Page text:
Fresno Nightclubs Revealed

July 25, 2008 12:41:39 AM PDT
If you've lived in Fresno for a while you know the lifespan of Fresno nightclubs is usually short.Drinks, music, mingling ... All the makings of a club experience ... Crowds of twenty something's line up for a night of partying in Fresno ... Shots, socializing and showing off your best moves.

Lewis Everk has been promoting Fresno nightclubs for 12 years. He's seen plenty soar to success and then just as quickly fade away.

Lewis Everk: "The bottom line is the people have the power. They dictate what's hot and what's not. It's up to the business owners and the promoters to keep them engaged in coming to that location."

Success can be short lived. The Dirty Olive, once a busy bar shut down in June. Patrons say the crowd shifted and eventually the restaurant and bar couldn't make it.

For several years in the 90's ... Wilikers was a Fresno favorite, a rare success. But too many citations for underage drinking and other problems led to its eventual demise.

Many bar owners told me off camera that Fresno Police Department bar stings, DUI checkpoints and city ordinances that force some clubs to close at midnight has hurt business.

Nick Tarjoman owns Roe, it's one of the newest Fresno nightspots. He knows local crowds can be finicky and fickle.

Nick Tarjoman, Owner of Roe: "The current economic climate is such that it doesn't lend itself to a lot prosperity, let's be candid, I mean people are working harder nowadays I mean peoples incomes are limited. And by the same token that means that some people need to make certain concessions. We've done a lot to make people feel comfortable here."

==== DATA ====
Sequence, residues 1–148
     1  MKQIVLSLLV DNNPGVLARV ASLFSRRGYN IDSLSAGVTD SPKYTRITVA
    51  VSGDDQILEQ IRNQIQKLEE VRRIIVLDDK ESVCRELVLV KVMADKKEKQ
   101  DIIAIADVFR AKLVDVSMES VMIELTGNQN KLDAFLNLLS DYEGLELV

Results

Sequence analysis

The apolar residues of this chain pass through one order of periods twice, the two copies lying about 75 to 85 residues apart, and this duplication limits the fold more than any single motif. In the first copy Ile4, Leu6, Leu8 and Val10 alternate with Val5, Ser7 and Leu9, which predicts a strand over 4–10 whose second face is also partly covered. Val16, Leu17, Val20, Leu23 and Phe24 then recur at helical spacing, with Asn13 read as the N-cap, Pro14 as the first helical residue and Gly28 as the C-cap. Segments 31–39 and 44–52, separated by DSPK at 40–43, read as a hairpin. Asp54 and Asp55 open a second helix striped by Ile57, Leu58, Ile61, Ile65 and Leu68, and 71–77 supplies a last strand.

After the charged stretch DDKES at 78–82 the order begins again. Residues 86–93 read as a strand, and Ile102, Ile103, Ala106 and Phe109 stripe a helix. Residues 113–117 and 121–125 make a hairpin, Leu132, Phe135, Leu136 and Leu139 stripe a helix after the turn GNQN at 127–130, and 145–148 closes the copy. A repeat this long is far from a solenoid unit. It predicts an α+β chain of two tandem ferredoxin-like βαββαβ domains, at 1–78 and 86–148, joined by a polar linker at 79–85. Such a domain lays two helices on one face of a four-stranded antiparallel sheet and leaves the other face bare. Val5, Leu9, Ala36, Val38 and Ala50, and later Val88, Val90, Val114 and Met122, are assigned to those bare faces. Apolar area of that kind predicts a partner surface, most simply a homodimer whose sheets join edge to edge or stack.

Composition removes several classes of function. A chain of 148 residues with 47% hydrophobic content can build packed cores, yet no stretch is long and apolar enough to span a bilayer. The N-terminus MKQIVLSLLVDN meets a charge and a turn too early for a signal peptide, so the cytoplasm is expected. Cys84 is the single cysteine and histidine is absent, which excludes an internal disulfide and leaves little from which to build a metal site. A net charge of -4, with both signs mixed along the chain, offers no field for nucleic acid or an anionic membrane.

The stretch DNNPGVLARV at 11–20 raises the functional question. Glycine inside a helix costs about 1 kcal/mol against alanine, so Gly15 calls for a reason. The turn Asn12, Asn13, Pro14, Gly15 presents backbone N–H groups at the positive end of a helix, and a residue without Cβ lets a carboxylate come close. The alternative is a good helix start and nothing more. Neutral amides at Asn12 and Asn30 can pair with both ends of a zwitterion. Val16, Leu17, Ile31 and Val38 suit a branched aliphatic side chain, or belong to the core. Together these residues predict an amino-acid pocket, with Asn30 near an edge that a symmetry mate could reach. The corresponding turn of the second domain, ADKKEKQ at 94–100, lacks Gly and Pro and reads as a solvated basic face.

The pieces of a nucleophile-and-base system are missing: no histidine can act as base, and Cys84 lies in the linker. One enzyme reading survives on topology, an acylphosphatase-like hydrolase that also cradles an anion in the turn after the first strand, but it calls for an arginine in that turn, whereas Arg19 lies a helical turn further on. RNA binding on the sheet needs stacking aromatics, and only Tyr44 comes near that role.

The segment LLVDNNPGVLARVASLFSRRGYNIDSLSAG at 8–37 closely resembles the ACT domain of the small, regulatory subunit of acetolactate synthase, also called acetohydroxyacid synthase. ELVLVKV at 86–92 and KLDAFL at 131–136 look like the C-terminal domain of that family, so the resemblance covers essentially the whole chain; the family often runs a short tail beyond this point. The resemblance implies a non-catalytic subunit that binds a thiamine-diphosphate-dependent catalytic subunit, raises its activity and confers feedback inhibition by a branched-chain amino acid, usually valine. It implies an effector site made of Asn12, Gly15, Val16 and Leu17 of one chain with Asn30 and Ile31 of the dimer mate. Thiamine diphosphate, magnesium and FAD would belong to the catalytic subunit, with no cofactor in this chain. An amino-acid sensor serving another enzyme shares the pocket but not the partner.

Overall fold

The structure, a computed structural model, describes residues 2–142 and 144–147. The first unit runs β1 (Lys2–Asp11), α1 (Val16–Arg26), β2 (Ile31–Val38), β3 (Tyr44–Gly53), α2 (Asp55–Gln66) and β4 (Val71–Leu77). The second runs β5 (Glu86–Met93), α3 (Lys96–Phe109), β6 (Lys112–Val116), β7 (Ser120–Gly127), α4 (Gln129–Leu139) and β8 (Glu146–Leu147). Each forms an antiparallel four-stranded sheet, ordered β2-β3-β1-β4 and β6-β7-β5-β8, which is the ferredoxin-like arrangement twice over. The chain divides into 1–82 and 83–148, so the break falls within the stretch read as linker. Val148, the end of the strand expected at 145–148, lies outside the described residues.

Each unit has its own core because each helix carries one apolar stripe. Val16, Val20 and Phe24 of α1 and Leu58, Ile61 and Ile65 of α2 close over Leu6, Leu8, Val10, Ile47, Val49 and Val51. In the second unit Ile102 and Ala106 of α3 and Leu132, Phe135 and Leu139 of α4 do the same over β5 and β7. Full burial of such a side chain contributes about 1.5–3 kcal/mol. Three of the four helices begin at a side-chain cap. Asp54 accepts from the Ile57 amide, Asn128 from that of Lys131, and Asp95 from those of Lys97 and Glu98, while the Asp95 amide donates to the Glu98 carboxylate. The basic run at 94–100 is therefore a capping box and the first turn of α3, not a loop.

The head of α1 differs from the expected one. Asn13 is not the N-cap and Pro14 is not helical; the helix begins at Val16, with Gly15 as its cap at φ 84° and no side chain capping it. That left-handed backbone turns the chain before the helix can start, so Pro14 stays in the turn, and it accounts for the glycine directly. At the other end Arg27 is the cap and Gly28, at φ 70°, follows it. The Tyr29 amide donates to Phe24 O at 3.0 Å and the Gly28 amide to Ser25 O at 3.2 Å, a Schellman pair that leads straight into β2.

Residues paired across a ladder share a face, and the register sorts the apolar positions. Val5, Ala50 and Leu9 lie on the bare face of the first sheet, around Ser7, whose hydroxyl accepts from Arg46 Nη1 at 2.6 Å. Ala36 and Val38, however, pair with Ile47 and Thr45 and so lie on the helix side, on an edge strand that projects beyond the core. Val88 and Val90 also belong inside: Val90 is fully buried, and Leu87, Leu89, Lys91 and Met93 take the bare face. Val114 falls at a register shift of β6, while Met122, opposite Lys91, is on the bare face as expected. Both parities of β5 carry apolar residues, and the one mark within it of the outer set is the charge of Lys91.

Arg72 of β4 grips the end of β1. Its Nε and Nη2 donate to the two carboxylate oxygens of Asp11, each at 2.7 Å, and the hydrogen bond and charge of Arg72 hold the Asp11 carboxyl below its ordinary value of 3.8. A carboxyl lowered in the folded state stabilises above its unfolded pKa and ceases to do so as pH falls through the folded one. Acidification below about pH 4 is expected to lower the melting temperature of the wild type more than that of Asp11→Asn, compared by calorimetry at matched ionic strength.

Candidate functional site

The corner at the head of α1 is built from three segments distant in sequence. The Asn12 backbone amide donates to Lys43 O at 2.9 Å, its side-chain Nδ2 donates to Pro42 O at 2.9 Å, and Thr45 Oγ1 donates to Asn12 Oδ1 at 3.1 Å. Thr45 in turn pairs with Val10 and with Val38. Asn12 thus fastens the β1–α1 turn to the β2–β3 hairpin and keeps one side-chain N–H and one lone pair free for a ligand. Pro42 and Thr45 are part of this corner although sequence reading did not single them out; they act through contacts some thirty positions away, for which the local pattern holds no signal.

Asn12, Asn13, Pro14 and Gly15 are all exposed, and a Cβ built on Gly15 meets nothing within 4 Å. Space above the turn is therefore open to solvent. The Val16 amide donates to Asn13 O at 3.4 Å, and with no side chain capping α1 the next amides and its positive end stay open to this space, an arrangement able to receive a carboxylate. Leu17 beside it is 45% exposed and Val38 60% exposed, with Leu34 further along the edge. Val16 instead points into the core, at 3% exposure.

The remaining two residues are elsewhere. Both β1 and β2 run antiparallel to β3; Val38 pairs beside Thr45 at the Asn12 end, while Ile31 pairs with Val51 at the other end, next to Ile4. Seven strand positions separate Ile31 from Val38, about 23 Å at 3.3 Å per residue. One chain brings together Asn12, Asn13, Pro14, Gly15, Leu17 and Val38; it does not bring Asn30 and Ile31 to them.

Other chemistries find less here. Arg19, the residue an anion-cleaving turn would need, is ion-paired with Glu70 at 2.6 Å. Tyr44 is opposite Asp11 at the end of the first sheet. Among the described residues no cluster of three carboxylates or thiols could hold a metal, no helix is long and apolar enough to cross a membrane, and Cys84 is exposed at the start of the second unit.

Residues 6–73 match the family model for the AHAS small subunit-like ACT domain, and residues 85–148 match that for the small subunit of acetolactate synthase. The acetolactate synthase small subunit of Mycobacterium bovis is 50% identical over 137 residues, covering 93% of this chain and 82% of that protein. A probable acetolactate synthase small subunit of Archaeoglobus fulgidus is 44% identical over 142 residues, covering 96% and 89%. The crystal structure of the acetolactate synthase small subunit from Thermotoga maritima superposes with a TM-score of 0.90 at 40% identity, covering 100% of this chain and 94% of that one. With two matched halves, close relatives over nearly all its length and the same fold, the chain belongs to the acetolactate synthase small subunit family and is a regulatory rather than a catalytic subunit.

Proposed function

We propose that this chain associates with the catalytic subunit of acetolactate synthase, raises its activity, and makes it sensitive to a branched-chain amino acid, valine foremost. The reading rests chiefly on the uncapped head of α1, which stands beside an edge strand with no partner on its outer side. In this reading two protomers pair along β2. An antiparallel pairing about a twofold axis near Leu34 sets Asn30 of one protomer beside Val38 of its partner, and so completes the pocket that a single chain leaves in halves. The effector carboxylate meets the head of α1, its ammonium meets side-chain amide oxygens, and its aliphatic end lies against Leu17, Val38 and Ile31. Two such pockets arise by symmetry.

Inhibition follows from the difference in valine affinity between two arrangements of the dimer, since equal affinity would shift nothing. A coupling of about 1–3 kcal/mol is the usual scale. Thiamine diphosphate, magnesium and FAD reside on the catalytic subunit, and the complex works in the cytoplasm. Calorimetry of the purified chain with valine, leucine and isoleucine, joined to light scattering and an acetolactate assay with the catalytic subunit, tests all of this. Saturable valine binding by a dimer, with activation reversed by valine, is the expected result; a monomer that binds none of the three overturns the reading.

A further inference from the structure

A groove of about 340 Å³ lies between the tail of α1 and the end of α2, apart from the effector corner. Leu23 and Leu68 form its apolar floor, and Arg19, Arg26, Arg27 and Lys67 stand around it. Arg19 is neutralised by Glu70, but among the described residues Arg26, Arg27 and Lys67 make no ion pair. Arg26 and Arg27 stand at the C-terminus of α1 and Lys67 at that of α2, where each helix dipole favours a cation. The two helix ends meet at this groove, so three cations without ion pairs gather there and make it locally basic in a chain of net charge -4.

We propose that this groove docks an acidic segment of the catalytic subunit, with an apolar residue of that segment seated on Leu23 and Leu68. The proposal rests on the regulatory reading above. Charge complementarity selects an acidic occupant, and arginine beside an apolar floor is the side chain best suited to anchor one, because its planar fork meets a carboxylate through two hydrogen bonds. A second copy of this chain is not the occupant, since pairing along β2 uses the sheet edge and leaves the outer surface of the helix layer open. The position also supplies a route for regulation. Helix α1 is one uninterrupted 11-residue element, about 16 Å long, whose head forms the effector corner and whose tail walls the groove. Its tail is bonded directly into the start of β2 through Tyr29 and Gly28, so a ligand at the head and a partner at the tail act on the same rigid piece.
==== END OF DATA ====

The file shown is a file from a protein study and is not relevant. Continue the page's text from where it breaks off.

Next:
Tarjoman draws the crowds by creating a big city atmosphere. Customers notice.

Ashley Colette: "It's almost like Pure in Vegas. Everything's white on white. They have VIP booths and it's beautiful inside."

Corina Bonilla: "And everyone that comes is very dressy. Everyone looks nice. You can't come in shoes, shoes. Very strict dress code, very strict."

Advertising helps and these days promoters say they are using primarily text messaging and myspace. Still, nothing is a guarantee.

"Sometimes you win, sometimes you lose. But it's ultimately about creating the excitement, creating the buzz. Making people feel like this is the place that everybody wants to be seen."

Maintaining prime status is not an exact science and keeping business steady is constantly a challenge.

"Things can become very stagnant in a hotspot. And when the next new spot opens up, there's a certain crowd that tends to run to that spot, they flood it, they have a great time. One person doesn't like what happens, they didn't get a free drink, they didn't get in the front of the line, and all of a sudden the crowd turns and they move somewhere else."

Wednesday night in north Fresno, Aqua Shi is packed. Promoters say the midweek crowd has been consistently showing up for 6 months.

Jaime Munro: "Just the ambiance of the whole place is awesome. It's really fun to hang out."

Jeny Hudson: "it's just a good time. All my friends come here It's a good place to get out, close to where we all live and just a good place to all get together."

Both Roe and Aqua Shi have been in business for less than a year. So it remains to be seen if they can stand the test of time.

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